Best of the Fest: Pearl Jam
Headlining Bonnaroo for the first time since 2008, when they became the only act to ever silence Kanye, and on the heels of an unfettered, "anything goes"-type tour, there were no limits for what Pearl Jam could have planned Saturday night. Would they play Ten and Vs. in their entirety? No Code backwards? Will new friend Jack White come out as a surprise guest?
Of the endless possibilities, Pearl Jam instead went with a simple, crowd-pleasing, non-stop, high-energy two-hour set that satisfied both longtime and hardcore fans as well as the majority of the packed crowd who probably weren't even born when Ten came out 25 years ago.
Pearl Jam unholstered immediately, first firing the bruising headbanger "Go" followed by the similarly breakneck "Save You." Knowing their audience, nearly two-thirds of Pearl Jam's 22-song setlist was dedicated to the band's first three albums; "Even Flow," "Corduroy," "Daughter" and "Jeremy" were all played during the main set, capped by a volcanic rendition of "Porch" that found Vedder rocking out with revelers in the pit. After a brief break, Pearl Jam returned for an eight-song encore, highlighted by a show-stopping "Black," a "Better Man" sing-along and their now-standard cover of Pink Floyd's "Comfortably Numb" with Vedder and his bandmates never stopping to catch their breath.
It is a marvel to consider the amount of duress Vedder puts on his voice in every song and yet, even two hours into the concert, it never wavers, like a starting pitcher still throwing 97 m.p.h. heat in the eighth inning. Vedder, at age 51, hasn't lost much off his fastball: He doesn't attempt the high notes on "Oceans" anymore, but his escalation on "Elderly Woman Behind the Counter in a Small Town" is still perfect. Jeff Ament still runs full sprint all over the stage like he's training for a marathon. After performing "Alive" and "Porch" more than 700 times over a quarter-century, Mike McCready still goes to great lengths to ensure that every guitar solo is explosive and unique. There's a reason why Pearl Jam diehards happily scoop up the band's authorized bootlegs of every concert, like flannel-clad Deadheads.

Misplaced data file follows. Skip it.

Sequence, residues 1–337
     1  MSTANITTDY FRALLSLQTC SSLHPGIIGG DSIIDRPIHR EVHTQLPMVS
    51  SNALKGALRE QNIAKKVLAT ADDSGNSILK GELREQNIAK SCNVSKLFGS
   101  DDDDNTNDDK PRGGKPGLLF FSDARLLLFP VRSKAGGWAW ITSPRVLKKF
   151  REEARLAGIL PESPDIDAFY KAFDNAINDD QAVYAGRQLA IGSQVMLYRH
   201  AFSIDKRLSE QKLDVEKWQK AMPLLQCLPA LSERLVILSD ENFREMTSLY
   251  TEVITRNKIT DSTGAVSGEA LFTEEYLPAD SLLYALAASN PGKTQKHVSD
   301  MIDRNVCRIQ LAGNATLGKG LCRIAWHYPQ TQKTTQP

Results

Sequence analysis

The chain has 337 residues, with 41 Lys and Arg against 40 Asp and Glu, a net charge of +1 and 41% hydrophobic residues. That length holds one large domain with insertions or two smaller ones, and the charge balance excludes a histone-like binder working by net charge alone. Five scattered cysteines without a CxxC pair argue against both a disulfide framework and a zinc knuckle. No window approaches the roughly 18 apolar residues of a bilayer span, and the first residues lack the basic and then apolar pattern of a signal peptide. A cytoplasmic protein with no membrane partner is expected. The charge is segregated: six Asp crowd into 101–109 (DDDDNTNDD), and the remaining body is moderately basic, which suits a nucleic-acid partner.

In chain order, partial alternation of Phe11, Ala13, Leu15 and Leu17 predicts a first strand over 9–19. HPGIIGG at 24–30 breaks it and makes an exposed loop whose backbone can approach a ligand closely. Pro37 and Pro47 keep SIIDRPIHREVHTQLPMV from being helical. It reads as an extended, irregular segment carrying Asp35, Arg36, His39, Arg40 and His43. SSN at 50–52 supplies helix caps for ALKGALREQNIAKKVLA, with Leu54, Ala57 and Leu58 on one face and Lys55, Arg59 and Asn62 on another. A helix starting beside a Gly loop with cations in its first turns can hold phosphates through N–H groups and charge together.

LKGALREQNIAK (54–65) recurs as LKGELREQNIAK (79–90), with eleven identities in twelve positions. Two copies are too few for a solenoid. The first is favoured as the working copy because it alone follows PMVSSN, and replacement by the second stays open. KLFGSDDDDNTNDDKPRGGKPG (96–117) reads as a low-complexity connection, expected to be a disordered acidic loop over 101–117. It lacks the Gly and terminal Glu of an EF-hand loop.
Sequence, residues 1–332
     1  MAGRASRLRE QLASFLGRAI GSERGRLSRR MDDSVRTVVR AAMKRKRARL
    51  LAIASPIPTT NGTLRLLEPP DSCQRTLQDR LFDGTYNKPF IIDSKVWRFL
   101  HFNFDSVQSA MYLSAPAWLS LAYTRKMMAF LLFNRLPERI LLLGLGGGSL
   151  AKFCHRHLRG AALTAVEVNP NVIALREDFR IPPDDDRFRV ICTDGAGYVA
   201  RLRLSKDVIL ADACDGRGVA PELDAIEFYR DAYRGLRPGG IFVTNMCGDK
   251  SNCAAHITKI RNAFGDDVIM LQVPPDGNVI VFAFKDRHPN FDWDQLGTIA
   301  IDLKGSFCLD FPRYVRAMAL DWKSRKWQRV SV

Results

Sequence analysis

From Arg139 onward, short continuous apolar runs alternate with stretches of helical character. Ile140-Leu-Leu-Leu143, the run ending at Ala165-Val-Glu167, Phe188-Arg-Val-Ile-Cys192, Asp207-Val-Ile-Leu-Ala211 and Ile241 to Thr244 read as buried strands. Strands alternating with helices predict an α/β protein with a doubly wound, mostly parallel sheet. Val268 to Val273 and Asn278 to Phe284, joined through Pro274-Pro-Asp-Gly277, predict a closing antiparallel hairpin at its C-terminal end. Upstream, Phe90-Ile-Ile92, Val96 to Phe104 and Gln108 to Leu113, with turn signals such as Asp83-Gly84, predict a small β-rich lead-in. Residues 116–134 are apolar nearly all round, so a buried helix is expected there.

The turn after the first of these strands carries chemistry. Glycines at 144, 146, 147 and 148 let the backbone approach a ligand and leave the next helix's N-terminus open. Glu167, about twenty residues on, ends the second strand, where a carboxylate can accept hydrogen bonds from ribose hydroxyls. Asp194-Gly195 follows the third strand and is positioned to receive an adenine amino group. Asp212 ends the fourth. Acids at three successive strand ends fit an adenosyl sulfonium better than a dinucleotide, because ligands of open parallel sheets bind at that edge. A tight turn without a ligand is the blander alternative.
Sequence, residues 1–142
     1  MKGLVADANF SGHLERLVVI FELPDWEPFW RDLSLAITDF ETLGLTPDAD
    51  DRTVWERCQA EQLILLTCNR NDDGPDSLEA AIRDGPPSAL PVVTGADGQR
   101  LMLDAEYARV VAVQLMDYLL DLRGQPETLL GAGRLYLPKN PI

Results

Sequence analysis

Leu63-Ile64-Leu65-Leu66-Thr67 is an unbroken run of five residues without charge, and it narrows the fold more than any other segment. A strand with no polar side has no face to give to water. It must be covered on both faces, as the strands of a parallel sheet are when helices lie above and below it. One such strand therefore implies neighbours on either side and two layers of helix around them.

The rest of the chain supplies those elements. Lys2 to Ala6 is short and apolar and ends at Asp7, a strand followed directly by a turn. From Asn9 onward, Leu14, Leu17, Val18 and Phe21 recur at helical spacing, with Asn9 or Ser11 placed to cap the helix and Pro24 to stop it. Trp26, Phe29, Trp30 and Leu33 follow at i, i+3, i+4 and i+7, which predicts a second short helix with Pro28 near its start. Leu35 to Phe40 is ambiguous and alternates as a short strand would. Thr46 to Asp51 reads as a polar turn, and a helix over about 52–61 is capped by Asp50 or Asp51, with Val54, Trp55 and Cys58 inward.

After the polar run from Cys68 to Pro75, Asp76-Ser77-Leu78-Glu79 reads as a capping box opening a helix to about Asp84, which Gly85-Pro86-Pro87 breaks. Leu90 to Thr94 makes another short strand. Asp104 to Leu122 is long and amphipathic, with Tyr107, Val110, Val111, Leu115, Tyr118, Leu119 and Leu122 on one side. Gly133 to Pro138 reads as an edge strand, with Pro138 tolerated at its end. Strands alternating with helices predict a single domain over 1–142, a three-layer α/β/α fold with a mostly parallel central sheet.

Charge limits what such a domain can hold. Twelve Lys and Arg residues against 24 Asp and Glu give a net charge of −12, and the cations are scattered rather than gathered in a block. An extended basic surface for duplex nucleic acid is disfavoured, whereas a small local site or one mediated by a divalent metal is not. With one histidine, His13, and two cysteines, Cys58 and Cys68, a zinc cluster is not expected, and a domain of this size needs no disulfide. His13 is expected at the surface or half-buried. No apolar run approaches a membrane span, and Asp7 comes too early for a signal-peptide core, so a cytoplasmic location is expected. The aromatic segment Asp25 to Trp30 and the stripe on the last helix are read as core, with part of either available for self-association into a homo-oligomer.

Never one to mince words, Vedder the statesman used his platform to speak his mind. "There's a candidate out there who's talking about building a wall," Vedder said during a long speech slamming Donald Trump. "Maybe we should just build a wall around him. We'd pay for it, I'd pay for it. It'd be cheap." He also called out, by name, Tennessee representative Susan Lynn for trying to push a bill similar to North Carolina's controversial HB2 "bathroom bill" through the state government. Commenting on how this generation is more tolerant than its predecessors, Vedder said of Lynn, "Susan, you could be a part of history, or you could be history."
It might not have been the daybreak-pushing marathon set that Bonnaroovians were anticipating, but Pearl Jam's knockout performance went heavy on the durable songs likely be part of classic rock's backbone for generations.